Tuesday, July 11, 2017


I realize that this blog should be wall-to-wall Trump-Russia right now, but I'm finding it hard to write anything about the subject that's more compelling than just the straight news. Meanwhile, on another subject, there's this from The New York Times:
President Trump’s advisers recruited two businessmen who profited from military contracting to devise alternatives to the Pentagon’s plan to send thousands of additional troops to Afghanistan....

Erik D. Prince, a founder of the private security firm Blackwater Worldwide, and Stephen A. Feinberg, a billionaire financier who owns the giant military contractor DynCorp International, have developed proposals to rely on contractors instead of American troops in Afghanistan at the behest of Stephen K. Bannon, Mr. Trump’s chief strategist, and Jared Kushner, his senior adviser and son-in-law, according to people briefed on the conversations.
Hey, what could go wrong?
Soliciting the views of Mr. Prince and Mr. Feinberg certainly qualifies as out-of-the-box thinking in a process dominated by military leaders in the Pentagon and the National Security Council. But it also raises a host of ethical issues, not least that both men could profit from their recommendations.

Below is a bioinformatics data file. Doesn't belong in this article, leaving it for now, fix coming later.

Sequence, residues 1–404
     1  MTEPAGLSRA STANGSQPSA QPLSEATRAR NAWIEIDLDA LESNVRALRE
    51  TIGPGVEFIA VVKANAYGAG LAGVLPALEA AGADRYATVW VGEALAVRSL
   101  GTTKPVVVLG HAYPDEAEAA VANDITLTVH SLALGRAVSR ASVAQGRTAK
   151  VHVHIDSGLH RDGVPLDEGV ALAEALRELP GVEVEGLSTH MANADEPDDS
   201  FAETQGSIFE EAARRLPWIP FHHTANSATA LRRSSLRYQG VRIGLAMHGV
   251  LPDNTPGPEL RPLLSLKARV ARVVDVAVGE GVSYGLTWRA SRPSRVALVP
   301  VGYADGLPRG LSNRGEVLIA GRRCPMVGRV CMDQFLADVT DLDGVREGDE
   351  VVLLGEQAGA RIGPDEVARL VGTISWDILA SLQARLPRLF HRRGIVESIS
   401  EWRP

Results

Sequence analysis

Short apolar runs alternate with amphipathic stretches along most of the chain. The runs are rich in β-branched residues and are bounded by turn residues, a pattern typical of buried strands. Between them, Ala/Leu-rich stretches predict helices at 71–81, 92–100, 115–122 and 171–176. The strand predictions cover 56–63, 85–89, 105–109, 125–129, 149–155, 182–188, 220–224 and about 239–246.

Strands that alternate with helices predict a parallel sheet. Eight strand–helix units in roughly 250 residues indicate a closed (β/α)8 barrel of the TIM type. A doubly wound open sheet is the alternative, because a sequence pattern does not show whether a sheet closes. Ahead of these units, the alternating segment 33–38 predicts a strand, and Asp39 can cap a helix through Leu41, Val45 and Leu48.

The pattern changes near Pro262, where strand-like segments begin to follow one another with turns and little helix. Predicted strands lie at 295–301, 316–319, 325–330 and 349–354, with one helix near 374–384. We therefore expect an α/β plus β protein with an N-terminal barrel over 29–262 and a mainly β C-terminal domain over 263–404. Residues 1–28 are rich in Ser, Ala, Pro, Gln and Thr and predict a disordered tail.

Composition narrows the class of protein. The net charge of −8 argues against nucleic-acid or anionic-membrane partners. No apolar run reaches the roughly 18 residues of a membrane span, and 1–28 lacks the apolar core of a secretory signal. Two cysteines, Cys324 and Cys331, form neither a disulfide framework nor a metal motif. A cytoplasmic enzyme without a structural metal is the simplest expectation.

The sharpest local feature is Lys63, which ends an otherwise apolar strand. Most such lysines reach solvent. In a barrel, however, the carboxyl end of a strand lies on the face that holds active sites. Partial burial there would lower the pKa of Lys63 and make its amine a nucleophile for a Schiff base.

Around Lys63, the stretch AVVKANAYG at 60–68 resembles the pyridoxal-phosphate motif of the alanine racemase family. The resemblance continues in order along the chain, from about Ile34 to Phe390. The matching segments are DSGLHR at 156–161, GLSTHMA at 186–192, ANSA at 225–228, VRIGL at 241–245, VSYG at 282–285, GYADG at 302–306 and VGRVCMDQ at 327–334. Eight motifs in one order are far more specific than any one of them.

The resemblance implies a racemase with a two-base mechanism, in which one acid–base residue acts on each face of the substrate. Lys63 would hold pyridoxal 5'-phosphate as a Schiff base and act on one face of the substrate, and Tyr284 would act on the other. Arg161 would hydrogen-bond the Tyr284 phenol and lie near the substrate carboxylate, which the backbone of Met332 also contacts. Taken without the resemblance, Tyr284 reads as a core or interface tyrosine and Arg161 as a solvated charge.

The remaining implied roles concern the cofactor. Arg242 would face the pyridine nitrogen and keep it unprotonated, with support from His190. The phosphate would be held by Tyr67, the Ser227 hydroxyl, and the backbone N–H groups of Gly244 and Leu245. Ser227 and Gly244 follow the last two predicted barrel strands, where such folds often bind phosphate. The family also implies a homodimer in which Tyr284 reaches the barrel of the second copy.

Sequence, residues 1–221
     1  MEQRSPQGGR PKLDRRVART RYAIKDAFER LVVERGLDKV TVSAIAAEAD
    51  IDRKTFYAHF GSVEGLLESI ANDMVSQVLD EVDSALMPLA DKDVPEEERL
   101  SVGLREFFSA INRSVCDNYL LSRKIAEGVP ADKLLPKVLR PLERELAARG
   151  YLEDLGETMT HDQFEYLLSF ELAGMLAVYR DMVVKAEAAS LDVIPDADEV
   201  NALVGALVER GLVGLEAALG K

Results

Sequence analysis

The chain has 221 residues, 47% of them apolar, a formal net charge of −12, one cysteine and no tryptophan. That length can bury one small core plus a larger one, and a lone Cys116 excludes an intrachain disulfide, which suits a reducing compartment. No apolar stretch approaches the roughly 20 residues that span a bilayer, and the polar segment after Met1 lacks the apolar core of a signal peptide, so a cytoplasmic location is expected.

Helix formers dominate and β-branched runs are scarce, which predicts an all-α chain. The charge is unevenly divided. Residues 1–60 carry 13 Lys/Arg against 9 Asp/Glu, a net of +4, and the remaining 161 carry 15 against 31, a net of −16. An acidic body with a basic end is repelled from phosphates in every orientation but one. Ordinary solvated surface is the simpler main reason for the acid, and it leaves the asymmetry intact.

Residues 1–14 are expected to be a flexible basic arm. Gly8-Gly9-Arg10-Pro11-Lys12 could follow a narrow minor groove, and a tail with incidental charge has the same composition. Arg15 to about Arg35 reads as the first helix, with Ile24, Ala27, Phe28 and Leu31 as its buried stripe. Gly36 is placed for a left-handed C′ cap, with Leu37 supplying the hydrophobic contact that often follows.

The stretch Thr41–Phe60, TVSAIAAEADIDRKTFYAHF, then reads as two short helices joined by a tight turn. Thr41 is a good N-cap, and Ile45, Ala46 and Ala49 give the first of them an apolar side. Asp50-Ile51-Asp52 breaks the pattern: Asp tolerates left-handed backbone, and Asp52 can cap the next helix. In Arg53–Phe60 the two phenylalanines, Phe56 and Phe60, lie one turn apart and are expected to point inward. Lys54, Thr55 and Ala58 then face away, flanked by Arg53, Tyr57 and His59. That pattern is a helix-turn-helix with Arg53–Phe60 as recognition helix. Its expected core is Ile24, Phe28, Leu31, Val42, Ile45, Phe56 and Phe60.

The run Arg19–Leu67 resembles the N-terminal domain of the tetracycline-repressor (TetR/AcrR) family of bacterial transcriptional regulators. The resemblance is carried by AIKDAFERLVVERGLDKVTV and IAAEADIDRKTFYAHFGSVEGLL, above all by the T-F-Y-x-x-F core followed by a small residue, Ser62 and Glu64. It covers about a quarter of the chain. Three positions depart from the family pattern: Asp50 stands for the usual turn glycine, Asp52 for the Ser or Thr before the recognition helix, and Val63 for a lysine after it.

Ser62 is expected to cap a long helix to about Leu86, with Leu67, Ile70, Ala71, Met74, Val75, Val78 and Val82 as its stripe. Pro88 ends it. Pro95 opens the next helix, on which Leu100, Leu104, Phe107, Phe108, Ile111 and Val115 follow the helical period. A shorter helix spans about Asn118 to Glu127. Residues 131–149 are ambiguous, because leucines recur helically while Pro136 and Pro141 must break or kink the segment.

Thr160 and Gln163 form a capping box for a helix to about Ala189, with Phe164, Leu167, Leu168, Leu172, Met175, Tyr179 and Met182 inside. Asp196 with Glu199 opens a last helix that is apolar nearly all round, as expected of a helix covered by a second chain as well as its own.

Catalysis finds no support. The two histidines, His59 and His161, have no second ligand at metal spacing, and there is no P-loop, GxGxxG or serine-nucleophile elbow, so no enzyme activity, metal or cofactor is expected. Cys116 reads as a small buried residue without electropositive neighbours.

“The conflict of interest in this is transparent,” said Sean McFate, a professor at Georgetown University who wrote a book about the growth of private armies, “The Modern Mercenary.” “Most of these contractors are not even American, so there is also a lot of moral hazard.”
Bannon tried to sell Secretary of Defense James Mattis on this approach, but Mattis rebuffed him. Still: out-of-the-box thinking! #MAGA!

Now, you may think this proposal was strictly about the grift -- but you'd be mistaken:
Despite Mr. Bannon’s apparent inability to persuade Mr. Mattis, Defense Department officials said they did not underestimate his influence as a link to, and an advocate for, Mr. Trump’s populist political base. Mr. Bannon has told colleagues that sending more troops to Afghanistan is a slippery slope to the nation building that Mr. Trump ran against during the campaign.
(Emphasis added.)

So asking heads of mercenary firms to dream up proposals that would deliver massive amounts of cash to those firms is ... what the white working class wants. It's populism. It's why candidates from the political establishment were rejected by Joe Sixpack.

Right -- got it. Glad we cleared that up.

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